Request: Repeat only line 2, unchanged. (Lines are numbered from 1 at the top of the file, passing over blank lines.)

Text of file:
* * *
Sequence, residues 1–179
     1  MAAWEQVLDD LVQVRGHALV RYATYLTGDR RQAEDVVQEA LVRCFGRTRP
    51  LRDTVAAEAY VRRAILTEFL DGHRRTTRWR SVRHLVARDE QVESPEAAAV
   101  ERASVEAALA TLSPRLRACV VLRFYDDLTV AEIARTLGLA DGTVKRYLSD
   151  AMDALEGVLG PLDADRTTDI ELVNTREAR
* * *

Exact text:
     1  MAAWEQVLDD LVQVRGHALV RYATYLTGDR RQAEDVVQEA LVRCFGRTRP